Could it ever happen here?

SAN PEDRO, CA - SEPTEMBER 15, 2015: Donald Trump, 2016 RepublicaWhile the UK continues to prepare for Brexit (in the loosest possible sense of the word ‘prepare’), across the Atlantic in my homeland the US, news media are preoccupied with the latest machinations of that other disruptive phenomenon of our times, Donald Trump – especially the ongoing outrage around the candidacy and appointment of Brett Kavanaugh to the Supreme Court.

It’s interesting to compare the approach that the two sets of media have taken to their respective issues. In the UK, while the coverage of Brexit is constant, it is also for the most part relatively low-key – certainly to anyone who has one eye on how the US media and the Trump camp interact.  Two things in particular are bound to strike the UK observer about the US coverage. First, there’s the extraordinarily partisan stance of the various news outlets. Of course there are partisan newspapers in the UK, but even they are models of even-handedness compared to the US networks. It’s little wonder that Trump is able to make his constant claims of being the victim of ‘fake news’. What he generally means by that is ‘biased news’, and quite often he’s justified – though of course he and his outlets are giving more than as good as they get in return.

The second thing that strikes a UK observer about the US media’s Trump coverage is the sheer volume, which is truly wall-to-wall. It’s often said that US politics has become a branch of show business, and there can never have been a better illustration of this than what we’re seeing at the moment. Outrage is so entertaining. So, whether you’re a dyed-in-the-wool Trump supporter or diametrically opposed to him and everything he stands for, there is a ready-made community of like-minded folk to join and keep up to date with. (I wonder in fact whether the momentum would be half as great without the constant reminders and updates on social media).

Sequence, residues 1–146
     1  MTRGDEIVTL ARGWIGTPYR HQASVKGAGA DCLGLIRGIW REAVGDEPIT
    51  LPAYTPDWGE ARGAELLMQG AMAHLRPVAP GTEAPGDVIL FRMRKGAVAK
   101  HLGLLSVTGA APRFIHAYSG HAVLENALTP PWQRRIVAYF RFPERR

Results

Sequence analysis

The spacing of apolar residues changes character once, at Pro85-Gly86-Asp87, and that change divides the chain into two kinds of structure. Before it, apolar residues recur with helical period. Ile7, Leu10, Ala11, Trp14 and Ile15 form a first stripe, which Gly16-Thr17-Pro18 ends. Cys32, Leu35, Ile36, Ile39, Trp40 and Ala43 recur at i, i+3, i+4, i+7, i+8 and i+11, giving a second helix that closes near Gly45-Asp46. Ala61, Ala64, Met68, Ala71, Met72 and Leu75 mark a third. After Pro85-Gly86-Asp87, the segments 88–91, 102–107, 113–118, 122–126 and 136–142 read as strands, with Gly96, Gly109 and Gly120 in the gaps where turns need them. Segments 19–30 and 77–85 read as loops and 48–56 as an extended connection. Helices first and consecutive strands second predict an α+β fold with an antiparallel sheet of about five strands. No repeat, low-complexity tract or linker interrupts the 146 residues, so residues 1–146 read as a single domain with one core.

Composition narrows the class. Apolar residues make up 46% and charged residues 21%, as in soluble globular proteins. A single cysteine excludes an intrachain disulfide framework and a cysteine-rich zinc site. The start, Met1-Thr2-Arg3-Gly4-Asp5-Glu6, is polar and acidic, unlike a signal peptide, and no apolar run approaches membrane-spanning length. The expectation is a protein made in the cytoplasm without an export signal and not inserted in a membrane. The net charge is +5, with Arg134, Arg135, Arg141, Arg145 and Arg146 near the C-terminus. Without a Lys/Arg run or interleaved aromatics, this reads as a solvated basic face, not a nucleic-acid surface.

What really worries me about the US experience, however, is how it has hijacked the debate about equality for women, on which real progress was beginning to be made. It’s been shocking in fact to see how the need to get the right-wing candidate on to the Supreme Court has overridden the underlying issues of gender and equality – to the point that women who are otherwise relatively committed to that cause have abandoned it for short-term political expediency. Nothing surprises me about Donald Trump any more (if it ever did), but I have been surprised at the cynicism of some of the normally more sane members of the Republican party.

So, while the coverage here of Brexit might not be without its frustrations, there is a great deal to be said for media that take a measured approach. They might not always have the same entertainment value but it seems difficult to believe that, thanks to their focus on the issues rather than the showbiz, someone like Donald Trump could ever come to power here. And no, despite the hair, I don’t include Boris Johnson in that category…


Photo Credit:
Joseph Sohm / Visons of America



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